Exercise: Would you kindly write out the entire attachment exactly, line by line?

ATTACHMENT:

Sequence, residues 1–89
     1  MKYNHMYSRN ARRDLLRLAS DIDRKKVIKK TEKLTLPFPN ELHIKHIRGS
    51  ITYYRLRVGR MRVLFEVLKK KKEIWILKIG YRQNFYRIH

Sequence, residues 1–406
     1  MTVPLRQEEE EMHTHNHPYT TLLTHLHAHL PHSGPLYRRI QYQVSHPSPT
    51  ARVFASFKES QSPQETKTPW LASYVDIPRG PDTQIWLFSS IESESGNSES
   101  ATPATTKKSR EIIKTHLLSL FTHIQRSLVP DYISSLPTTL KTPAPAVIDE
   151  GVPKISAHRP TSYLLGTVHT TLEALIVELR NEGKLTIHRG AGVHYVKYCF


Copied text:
Sequence, residues 1–89
     1  MKYNHMYSRN ARRDLLRLAS DIDRKKVIKK TEKLTLPFPN ELHIKHIRGS
    51  ITYYRLRVGR MRVLFEVLKK KKEIWILKIG YRQNFYRIH

Sequence, residues 1–406
     1  MTVPLRQEEE EMHTHNHPYT TLLTHLHAHL PHSGPLYRRI QYQVSHPSPT
    51  ARVFASFKES QSPQETKTPW LASYVDIPRG PDTQIWLFSS IESESGNSES
   101  ATPATTKKSR EIIKTHLLSL FTHIQRSLVP DYISSLPTTL KTPAPAVIDE
   151  GVPKISAHRP TSYLLGTVHT TLEALIVELR NEGKLTIHRG AGVHYVKYCF